Did NASA’s James Webb Telescope Just Make The Astonishing First Discovery of Alien Life on Exoplanet K2-18b?

In a groundbreaking discovery, NASA’s James Webb Space Telescope may have just spotted signs of extraterrestrial life on a faraway exoplanet 8.6 times as massive as Earth, dubbed K2-18b. 

In a study accepted for publication in The Astrophysical Journal Letters, researchers said James Webb detected a molecule called dimethyl sulfide (DMS), which is exclusively produced by living organisms on Earth. Along with DMS, researchers also detected the presence of carbon-bearing molecules, including methane and carbon dioxide, in the exoplanet’s atmosphere. 

According to NASA, the presence of these gasses suggests K2-18b could be a Hycean exoplanet, potentially possessing a hydrogen-rich atmosphere and ocean-covered surface, significantly boosting its odds of hosting life. 

More data is needed to confirm the findings. However, researchers said they were “shocked” by the initial results and the possibility that K2-18b might offer the first confirmation of extraterrestrial life. 

“On Earth, DMS is only produced by life. The bulk of it in Earth’s atmosphere is emitted from phytoplankton in marine environments,” lead study author and University of Cambridge professor Dr. Nikku Madhusudhan told the BBC

“If confirmed, it would be a huge deal, and I feel a responsibility to get this right if we are making such a big claim.” 

Positioned 120 light-years away in the constellation Leo, K2-18b orbits a cool dwarf named K2-18 within what is known as the habitable zone. With a size falling between Earth and Neptune, what scientists call a “sub-Neptune” type world, K2-18b defies any comparison with planets in our solar system.   

“Although this kind of planet does not exist in our solar system, sub-Neptunes are the most common type of planet known so far in the galaxy,” research team member Dr. Subhajit Sarkar of Cardiff University explained in a NASA press release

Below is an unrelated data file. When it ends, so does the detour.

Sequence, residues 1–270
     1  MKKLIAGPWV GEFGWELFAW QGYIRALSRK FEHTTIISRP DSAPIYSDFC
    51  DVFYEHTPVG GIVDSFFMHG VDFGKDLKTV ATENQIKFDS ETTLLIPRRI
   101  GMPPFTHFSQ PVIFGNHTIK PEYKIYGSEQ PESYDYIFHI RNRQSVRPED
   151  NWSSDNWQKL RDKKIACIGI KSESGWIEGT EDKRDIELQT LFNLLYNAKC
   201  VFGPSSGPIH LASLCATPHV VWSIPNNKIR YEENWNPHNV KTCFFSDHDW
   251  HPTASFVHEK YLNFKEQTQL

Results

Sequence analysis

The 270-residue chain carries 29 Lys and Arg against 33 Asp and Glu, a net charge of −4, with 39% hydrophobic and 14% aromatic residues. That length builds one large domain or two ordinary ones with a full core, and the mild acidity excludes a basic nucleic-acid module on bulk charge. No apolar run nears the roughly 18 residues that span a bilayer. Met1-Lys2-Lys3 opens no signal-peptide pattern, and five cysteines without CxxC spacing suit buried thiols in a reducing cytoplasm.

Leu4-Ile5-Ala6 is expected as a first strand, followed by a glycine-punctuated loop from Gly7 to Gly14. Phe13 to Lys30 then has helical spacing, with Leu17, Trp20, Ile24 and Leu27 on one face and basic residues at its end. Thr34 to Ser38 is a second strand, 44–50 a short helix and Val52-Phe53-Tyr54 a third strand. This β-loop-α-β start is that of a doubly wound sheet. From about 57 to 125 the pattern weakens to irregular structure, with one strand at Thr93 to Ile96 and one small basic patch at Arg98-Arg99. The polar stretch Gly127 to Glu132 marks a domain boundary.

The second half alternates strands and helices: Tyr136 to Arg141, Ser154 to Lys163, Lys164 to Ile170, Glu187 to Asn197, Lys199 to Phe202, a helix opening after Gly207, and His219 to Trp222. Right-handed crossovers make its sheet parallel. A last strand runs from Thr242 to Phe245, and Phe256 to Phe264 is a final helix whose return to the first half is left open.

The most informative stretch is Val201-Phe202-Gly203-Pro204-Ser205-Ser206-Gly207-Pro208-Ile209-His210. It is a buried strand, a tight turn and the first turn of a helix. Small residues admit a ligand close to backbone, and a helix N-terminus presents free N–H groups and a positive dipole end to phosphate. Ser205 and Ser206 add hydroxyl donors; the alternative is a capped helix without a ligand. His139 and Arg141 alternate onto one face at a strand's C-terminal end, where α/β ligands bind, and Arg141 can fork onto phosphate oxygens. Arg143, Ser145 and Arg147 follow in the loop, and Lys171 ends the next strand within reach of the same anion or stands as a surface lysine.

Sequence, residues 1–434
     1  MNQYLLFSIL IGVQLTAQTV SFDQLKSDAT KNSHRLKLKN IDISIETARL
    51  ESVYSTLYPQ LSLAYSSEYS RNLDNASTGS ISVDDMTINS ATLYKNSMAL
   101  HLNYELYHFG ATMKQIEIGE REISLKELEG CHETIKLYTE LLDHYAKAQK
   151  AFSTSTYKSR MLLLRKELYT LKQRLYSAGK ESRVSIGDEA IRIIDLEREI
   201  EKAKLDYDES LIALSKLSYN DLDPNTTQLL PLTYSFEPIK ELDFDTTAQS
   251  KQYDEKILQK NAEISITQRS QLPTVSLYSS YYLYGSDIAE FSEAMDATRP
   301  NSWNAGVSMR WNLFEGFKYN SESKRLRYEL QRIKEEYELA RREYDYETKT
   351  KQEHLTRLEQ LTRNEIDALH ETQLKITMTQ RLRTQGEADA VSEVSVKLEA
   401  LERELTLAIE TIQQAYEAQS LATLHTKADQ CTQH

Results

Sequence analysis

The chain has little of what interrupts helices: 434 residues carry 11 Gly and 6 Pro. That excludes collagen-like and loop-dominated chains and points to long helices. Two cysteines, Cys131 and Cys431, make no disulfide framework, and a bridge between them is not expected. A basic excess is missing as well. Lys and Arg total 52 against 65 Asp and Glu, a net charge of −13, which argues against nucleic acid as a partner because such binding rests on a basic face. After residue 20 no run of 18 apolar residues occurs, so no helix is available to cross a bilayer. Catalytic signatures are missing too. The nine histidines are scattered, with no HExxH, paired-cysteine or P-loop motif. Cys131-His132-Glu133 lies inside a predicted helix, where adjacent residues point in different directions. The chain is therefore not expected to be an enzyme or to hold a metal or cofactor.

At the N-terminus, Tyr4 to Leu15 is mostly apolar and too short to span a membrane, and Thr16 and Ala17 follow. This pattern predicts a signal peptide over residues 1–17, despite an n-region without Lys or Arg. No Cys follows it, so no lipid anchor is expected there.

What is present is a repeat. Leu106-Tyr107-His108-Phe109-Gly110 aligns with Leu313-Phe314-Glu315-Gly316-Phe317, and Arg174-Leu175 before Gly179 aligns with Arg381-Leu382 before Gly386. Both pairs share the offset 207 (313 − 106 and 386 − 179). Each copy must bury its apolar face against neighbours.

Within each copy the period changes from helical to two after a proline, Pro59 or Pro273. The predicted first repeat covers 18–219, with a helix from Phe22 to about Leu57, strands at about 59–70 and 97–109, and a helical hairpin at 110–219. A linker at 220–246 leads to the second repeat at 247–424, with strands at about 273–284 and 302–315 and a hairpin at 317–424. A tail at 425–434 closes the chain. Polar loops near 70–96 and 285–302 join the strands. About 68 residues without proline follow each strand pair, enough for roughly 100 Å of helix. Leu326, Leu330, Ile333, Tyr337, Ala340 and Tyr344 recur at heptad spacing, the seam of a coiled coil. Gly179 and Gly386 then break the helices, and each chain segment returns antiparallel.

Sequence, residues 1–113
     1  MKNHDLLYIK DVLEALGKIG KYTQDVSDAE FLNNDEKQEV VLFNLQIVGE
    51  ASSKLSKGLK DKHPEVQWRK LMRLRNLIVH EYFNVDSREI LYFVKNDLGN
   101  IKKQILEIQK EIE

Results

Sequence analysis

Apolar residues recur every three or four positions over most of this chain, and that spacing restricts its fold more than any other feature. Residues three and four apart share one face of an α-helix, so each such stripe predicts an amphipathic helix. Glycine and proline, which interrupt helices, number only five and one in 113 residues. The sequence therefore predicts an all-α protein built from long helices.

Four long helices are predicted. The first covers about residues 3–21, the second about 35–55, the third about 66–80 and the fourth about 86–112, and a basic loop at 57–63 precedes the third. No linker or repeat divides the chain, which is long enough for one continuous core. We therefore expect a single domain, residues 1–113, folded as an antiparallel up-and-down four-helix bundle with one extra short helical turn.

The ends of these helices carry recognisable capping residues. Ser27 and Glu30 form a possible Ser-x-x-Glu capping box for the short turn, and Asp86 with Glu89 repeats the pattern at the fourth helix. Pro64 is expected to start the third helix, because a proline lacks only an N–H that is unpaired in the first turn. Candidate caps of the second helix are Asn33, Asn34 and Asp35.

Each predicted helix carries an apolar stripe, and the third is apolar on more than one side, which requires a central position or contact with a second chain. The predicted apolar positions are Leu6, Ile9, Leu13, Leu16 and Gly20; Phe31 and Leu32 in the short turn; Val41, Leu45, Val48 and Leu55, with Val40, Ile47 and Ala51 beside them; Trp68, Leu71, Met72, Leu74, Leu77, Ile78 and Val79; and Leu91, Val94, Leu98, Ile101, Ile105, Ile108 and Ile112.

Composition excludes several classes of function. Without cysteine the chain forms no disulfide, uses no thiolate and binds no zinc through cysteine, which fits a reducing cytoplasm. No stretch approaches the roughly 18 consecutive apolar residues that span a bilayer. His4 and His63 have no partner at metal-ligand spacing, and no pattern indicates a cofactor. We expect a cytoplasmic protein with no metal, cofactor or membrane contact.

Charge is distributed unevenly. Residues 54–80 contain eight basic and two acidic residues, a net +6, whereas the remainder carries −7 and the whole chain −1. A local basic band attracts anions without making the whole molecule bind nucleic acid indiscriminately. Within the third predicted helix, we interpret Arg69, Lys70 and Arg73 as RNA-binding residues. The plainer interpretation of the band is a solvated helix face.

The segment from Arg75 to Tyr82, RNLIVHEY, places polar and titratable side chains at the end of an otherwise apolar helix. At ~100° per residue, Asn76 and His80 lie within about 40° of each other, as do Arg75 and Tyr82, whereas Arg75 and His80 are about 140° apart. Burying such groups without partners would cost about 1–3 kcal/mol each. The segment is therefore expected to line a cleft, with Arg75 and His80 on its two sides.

The absence of similar planets within our solar system means sub-Neptunes, like K2-18b, are poorly understood, and the composition of these planet’s atmospheres is a hot topic of discussion among astronomers. Nevertheless, given the abundance of sub-Neptune bodies in the universe, some astronomers believe these giant exoplanets could be promising targets in the search for extraterrestrial life. 

“Our findings underscore the importance of considering diverse habitable environments in the search for life elsewhere,” Dr. Madhusudhan explained. “Traditionally, the search for life on exoplanets has focused primarily on smaller rocky planets, but the larger Hycean worlds are significantly more conducive to atmospheric observations.” 

Many scientists have begun increasingly echoing Dr. Madhusudhan’s sentiments on considering the diverse ways extraterrestrial life might exist. 

Recently, The Debrief reported on a theory proposed by astrobiologist Dr. Dirk Schulze-Makuch that NASA’s historic Viking missions in the 1970s actually found—and inadvertently exterminated—extraterrestrial life on Mars. 

According to Dr. Schulze-Makuch, by introducing Earth-like conditions in the experiments conducted by Viking’s landers, scientists may have missed the evidence or, worse yet, unintentionally exterminated Martian microbes that had adapted to the planet’s dry climate.